In Reply to: Than again.. posted by JeffH on May 19, 2004 at 15:06:17:
Speaking of jazz, do you mean warm and forgiving like Charlie Parker, Wayne Shorter, Ornette Coleman, Cecil Taylor, John Coltrane, John Zorn, etc. I listen almost exclusively to jazz and classical music and had a pair of warm and forgiving speakers before I got a pair of VSM's. I was bored by those speakers and missed the nuance and detail that is the essence of music. Merlins are tonally accurate and easy to listen to (with my equipment) when the music is supposed to be warm. But it seems to me that speakers that are warm on all recordings, even those recordings that are not supposed to be soft and fuzzy, have colored the music in an unacceptable way. Indeed, such speakers commit what is to me the inforgivable sin: they make music boring. All I can say os that since my merlins arrived six months ago, I listen to too much music (and do not practice my instrument enough) -- no listener fatigue here. I wonder if people who are criticizing the VSM's have really listened to them. Of course, I understand that differenct folks like different speakers, but the negative descriptions of the Merlins in this thread are not accurate.
Some folks confuse warm with easeful. I have seldom found 'live' music warm but always find a sense of ease in its presentation. And yes, even 'live' jazz. Jackie McLean plays a nasty wonderful sax and the wonderfulness is the ease that we hear beneath the nasty.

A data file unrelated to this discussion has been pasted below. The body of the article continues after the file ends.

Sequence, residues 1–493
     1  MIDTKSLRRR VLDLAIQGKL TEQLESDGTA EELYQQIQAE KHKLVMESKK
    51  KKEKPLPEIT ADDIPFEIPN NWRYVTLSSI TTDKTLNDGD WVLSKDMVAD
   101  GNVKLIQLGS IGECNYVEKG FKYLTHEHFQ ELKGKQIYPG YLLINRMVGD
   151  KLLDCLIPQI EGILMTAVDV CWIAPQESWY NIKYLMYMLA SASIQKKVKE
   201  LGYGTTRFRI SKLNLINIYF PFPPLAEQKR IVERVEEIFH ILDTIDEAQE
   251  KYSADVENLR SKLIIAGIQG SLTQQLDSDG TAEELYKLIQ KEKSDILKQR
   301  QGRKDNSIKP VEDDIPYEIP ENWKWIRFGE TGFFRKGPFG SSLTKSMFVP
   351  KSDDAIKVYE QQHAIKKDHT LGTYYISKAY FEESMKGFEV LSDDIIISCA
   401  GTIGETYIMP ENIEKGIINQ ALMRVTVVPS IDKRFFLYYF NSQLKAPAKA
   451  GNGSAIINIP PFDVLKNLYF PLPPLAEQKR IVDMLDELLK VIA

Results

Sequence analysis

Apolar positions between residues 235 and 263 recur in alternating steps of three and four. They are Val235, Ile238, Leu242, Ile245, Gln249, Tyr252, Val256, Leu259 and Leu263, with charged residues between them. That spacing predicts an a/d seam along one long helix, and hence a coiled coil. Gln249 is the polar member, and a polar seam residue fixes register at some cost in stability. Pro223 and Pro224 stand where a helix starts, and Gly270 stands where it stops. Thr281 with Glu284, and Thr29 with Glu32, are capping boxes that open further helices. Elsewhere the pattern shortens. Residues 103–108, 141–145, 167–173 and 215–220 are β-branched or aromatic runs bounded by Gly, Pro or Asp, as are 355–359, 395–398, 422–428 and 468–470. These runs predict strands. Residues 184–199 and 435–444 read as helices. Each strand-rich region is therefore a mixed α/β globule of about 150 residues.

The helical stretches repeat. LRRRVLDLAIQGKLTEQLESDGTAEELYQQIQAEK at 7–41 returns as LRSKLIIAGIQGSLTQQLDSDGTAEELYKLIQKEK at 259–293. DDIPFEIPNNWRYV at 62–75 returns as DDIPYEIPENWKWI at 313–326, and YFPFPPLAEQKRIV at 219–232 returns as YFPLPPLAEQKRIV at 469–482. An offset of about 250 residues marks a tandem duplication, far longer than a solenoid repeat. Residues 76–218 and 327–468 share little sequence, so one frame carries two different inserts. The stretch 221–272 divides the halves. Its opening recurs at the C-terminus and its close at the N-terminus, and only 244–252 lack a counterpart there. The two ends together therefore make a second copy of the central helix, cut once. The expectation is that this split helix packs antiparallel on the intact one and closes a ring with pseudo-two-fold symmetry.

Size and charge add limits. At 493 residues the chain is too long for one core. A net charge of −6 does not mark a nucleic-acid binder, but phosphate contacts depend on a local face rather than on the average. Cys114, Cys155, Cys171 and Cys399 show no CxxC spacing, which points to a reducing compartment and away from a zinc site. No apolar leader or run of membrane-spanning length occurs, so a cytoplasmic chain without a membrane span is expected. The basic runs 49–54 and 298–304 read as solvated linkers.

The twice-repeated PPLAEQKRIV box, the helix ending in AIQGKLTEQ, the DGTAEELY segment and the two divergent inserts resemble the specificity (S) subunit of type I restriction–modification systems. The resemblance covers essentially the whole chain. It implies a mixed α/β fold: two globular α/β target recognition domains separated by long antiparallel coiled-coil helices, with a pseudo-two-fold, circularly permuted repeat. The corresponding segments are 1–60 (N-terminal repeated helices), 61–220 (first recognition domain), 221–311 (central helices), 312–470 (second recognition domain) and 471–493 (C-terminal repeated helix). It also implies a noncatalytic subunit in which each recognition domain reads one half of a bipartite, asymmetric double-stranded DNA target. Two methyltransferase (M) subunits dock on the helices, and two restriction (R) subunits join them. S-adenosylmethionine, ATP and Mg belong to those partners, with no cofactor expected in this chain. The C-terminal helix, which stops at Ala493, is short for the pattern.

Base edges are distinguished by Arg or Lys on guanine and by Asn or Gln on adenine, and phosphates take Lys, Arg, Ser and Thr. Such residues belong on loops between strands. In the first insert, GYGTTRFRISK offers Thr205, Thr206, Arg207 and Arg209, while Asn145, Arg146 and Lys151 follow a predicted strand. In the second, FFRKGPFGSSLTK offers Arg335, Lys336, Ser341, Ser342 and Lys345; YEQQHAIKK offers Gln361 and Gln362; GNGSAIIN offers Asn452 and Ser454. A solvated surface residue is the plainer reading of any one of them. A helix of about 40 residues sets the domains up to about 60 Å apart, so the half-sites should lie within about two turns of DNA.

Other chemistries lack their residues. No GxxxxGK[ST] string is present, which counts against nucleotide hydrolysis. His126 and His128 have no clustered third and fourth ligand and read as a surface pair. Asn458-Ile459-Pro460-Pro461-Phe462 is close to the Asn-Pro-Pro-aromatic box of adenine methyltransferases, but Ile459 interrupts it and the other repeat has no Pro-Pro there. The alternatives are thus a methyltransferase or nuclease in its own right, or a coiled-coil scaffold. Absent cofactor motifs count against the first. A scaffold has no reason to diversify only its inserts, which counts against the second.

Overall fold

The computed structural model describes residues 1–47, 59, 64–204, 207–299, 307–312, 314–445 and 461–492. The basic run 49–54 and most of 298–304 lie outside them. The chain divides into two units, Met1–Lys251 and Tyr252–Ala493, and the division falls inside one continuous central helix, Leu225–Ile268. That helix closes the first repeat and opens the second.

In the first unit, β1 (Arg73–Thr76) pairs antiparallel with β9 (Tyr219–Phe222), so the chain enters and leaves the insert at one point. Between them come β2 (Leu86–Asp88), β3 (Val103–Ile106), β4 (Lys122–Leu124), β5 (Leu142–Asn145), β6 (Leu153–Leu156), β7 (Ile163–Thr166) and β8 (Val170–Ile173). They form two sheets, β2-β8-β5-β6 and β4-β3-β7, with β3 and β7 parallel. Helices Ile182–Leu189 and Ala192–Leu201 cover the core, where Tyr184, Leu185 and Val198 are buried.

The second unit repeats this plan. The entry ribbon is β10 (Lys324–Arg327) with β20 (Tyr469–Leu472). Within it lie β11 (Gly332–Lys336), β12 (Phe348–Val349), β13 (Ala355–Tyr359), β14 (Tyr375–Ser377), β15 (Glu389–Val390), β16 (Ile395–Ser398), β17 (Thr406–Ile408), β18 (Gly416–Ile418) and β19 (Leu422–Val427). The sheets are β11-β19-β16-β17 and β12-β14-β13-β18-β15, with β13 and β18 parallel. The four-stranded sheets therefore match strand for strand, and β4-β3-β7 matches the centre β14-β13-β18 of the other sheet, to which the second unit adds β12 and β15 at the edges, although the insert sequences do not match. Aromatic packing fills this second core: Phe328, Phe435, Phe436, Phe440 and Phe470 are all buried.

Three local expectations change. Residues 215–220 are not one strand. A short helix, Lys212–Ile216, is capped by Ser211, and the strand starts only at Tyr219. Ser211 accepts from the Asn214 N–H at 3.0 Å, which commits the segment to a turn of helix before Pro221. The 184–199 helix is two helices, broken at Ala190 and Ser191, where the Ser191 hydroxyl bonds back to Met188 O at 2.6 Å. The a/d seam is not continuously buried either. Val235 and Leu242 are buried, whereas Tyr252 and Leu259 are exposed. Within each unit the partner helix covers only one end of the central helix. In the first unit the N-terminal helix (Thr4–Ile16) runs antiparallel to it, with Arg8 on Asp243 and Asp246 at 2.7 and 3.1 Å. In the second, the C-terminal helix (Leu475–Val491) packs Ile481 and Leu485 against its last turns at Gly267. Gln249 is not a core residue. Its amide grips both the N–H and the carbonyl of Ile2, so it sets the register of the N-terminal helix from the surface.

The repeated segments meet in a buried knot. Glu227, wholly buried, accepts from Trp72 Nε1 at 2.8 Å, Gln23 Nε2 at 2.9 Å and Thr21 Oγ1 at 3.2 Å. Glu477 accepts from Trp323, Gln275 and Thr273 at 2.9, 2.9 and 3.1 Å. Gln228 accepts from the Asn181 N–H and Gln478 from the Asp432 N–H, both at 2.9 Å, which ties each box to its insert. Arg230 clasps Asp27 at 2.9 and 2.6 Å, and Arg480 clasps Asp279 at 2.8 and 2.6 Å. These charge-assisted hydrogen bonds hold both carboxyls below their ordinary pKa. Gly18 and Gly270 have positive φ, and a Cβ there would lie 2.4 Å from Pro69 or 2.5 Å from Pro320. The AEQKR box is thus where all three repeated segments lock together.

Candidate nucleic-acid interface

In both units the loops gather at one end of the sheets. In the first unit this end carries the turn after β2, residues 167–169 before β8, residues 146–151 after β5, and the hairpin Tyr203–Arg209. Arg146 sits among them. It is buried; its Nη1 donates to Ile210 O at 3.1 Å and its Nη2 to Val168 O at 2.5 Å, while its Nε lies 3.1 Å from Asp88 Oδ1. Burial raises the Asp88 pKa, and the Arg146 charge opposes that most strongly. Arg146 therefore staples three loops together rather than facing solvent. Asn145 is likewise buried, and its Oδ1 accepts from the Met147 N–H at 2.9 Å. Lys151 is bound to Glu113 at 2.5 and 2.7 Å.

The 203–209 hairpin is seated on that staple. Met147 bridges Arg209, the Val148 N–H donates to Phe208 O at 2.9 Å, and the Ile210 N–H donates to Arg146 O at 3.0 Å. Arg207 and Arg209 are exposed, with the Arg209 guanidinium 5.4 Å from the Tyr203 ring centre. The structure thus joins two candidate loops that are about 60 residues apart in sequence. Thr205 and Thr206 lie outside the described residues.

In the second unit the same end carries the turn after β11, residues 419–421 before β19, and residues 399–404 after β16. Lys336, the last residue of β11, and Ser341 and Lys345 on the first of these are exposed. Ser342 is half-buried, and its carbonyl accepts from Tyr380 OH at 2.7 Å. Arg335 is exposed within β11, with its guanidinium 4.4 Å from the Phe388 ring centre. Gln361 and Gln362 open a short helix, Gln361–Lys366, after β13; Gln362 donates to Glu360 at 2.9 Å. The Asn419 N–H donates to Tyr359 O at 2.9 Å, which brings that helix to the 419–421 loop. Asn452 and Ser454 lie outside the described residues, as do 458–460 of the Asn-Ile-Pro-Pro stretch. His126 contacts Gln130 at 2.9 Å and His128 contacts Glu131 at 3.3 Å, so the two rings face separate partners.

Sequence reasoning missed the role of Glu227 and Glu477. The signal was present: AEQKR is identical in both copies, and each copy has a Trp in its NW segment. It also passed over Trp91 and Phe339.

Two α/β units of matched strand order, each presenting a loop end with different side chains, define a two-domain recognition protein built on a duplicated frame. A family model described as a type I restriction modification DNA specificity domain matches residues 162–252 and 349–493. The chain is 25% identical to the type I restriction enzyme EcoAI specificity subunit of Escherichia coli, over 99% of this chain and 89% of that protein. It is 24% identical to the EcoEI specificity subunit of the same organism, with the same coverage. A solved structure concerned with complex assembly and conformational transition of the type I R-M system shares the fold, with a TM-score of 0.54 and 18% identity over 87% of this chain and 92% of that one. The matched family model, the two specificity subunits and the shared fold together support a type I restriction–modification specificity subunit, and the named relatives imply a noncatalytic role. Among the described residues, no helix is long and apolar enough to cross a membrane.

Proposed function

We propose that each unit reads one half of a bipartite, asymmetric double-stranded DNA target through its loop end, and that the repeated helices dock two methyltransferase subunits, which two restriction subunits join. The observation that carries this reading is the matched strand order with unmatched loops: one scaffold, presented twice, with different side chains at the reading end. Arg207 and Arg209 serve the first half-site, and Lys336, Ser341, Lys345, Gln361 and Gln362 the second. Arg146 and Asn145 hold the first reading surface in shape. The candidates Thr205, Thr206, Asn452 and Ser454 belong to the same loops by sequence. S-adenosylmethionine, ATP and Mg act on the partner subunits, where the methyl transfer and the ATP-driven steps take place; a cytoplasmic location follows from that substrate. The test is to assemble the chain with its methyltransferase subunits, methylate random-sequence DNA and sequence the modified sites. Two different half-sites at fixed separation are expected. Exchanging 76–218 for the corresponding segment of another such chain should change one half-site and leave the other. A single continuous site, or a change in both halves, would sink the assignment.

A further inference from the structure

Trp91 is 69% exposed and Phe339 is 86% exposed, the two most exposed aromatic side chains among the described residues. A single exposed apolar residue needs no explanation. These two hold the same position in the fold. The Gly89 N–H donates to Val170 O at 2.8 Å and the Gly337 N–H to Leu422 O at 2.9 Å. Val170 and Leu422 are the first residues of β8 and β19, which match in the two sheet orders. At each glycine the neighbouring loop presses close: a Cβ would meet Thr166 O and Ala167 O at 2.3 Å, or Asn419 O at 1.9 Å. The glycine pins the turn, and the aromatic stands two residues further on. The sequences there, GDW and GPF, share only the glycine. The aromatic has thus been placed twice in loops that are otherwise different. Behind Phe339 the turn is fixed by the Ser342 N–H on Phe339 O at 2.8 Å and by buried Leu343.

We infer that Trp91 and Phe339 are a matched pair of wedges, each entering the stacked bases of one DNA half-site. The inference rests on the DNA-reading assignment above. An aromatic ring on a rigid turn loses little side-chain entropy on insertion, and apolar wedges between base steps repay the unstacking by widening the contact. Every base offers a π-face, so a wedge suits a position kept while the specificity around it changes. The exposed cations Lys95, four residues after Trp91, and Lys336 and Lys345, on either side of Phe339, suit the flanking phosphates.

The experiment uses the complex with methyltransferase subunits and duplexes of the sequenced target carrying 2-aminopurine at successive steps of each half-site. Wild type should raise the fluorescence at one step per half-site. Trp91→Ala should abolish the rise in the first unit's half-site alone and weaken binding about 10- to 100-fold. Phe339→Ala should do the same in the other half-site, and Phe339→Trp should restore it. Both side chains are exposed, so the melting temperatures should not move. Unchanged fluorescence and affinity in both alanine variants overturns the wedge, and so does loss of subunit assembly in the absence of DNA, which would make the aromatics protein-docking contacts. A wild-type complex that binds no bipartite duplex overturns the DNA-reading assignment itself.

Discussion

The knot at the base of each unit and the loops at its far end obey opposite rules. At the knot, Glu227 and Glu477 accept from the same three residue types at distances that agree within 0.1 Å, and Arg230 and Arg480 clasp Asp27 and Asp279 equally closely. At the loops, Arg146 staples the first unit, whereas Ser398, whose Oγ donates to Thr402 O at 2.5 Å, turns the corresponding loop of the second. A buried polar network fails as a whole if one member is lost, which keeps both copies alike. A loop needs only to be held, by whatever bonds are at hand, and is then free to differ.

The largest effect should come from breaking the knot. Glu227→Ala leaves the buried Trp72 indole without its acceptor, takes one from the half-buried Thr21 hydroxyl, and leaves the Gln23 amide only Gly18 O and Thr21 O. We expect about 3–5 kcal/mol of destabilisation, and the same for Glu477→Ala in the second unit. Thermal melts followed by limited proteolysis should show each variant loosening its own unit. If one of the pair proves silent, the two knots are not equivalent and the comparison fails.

What about "difficult" or "challenging" music? There is simply no one characteristic that all good music --live or recorded--shares. Music is more complex than that.
I think Bob nailed it. And I think my terminology was lacking. I typically use the term "warm" when meaning "ease".
I do not think it is just a matter of defining terms. Playing and istening to playing music is not always like practicing yoga or zen meditation. Good music does not always calm the listenter or player or put her at ease. Often music conveys just the opposite: a sense of urgency or even shrillness. Of couse, good speakers must be able to convey a sense of ease or whatever when the music or recording demands it. The Merlins can do that, but they also capture the broader specrum of the thought and emotion in the music. They can, when the occasion demands, make me uneasy.
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